Things are always better in the morning

By Gary Lloyd

Remember that episode of Seinfeld, the one where George drives so fast on the way to the Bubble Boy’s house that he leaves Jerry in the dust?

“We’re making incredible time here!” George exclaims.

That’s typically me on a road trip.

Fast food? I can wait.

Rest area? I can wait.

Priester’s Pecans? OK, I have only so much willpower.

The sculpture of three Depression-era children reading To Kill a Mockingbird (photo by Gary Lloyd)

I recently drove back to Trussville from Gulf Shores and made a 9 a.m. stop in Monroeville, not for a McDonald’s or a bathroom, but for a memory. I had always wanted to see the small town that produced author Harper Lee and her masterpiece, To Kill a Mockingbird, and to a smaller though not insignificant degree fellow author Truman Capote. I planned to see a couple historic markers and the Old Courthouse Museum’s exterior, perhaps a 20-minute detour.

I stayed for over an hour. I parked at The Faulk Building, which includes four types of lofts: the Scout, Atticus, Harper and Capote. I crossed Alabama Avenue to find the stately Old Courthouse Museum, the most famous courtroom in literature. I walked around it twice. I saw a rock monument to Atticus Finch, Mockingbird-themed birdhouses big as Yeti coolers, a sculpture of three Depression-era children reading the novel, and a Literary Landmarks Register marker dedicated to Truman Capote. Chirping birds overwhelmed any low rumble of nearby traffic.

Monroeville was near impossible to leave. I parked at a bank and walked to the former home location of Capote’s family, where he spent summer vacations. I pulled in at the Monroe County Public Library and read a historic marker about Lucas’ Raiders dashing through Monroeville during the Civil War. I drove a half mile to Pineville Cemetery, where I encountered a Greyhound full of tourists visiting Lee’s modest gravesite. Her full name, Nelle Harper Lee, was encircled by 39 pennies, one seashell, numerous rocks, a pair of Mardi Gras beads, a couple potted plants, white flowers, and a ceramic dinner plate.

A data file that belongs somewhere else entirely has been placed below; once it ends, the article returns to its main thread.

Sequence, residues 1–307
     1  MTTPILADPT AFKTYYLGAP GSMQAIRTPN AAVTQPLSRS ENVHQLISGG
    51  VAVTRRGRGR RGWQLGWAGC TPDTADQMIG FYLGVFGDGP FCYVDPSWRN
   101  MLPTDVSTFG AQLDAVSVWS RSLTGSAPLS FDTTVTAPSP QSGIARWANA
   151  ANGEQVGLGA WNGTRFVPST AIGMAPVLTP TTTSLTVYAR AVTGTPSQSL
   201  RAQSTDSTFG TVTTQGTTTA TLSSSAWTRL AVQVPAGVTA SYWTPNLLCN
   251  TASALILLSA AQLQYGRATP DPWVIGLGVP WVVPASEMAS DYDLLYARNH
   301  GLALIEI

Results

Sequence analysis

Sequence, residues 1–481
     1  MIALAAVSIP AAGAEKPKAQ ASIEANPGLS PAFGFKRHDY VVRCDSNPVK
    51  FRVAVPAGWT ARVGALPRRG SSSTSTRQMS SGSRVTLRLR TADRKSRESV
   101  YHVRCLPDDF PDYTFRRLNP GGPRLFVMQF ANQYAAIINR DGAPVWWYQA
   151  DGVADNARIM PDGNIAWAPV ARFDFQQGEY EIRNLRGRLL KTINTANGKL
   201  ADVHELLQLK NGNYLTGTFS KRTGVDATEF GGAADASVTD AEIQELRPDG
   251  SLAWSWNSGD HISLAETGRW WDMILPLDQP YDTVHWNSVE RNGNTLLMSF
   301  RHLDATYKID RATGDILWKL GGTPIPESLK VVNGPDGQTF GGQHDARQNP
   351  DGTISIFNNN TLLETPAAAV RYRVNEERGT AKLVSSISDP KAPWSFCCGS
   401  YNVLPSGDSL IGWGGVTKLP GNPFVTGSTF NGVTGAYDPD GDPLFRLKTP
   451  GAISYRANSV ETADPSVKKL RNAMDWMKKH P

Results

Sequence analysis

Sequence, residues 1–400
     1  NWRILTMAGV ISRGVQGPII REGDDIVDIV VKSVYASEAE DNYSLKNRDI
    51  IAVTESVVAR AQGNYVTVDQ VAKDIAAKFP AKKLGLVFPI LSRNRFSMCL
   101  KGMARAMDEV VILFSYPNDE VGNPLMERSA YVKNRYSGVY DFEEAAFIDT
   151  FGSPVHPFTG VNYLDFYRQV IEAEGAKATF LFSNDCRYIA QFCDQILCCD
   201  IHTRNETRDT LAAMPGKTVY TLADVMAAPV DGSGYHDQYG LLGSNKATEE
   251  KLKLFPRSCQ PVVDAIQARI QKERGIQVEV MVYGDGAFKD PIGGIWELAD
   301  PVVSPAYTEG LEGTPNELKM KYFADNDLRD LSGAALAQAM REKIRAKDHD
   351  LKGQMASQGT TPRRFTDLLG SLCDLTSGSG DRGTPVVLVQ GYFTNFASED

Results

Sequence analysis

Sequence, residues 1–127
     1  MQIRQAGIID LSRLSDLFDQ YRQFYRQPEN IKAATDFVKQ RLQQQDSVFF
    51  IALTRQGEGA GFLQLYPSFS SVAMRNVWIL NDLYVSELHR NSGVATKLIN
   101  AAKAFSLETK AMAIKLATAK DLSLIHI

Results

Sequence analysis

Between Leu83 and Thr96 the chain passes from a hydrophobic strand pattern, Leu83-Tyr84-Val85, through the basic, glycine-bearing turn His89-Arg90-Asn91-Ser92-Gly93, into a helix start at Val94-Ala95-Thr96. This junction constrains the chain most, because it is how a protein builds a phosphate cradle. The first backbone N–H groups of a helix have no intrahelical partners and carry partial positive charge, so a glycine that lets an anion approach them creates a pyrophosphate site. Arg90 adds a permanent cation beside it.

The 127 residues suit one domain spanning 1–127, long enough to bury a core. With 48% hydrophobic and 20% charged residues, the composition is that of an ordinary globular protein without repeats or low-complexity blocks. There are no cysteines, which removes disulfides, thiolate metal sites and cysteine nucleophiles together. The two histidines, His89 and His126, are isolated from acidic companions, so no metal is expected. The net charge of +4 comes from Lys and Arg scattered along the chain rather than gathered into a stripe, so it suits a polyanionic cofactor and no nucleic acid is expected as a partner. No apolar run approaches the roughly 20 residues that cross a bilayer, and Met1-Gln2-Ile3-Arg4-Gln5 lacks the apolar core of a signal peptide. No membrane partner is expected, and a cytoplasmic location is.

I returned to downtown Monroeville to snag every leaflet and trifold the town could offer me. Maybe some day I’ll rent one of those lofts. I preferred the Harper, personally. I walked the downtown streets to discover just how impactful that Pulitzer Prize-winning novel published in 1960 still is. It, along with other books by Lee, Capote and more, are painted on one building. A mockingbird is painted on the side of Lee Motor Co. Autographed copies of the novel were available at Johnson Jewelers. A title company next door was called Mockingbird Title, LLC.

As I made my way up North Mt. Pleasant Avenue toward where my truck was parked on Pineville Road, because I had three more hours to drive without stopping at Priester’s Pecans this time, some orange and red banners caught my eye. I guess they hadn’t stood when I had first arrived, when that courthouse was my sole focus. I approached an orange one, several feet above my head, and squinted in the morning sun.

On the bottom, “Monroeville Main Street.”

Above that in white cursive, “Write your chapter here.”

In Monroeville, I believe I could.

Gary Lloyd is the author of six books and is a contributing writer to the Cahaba Sun.

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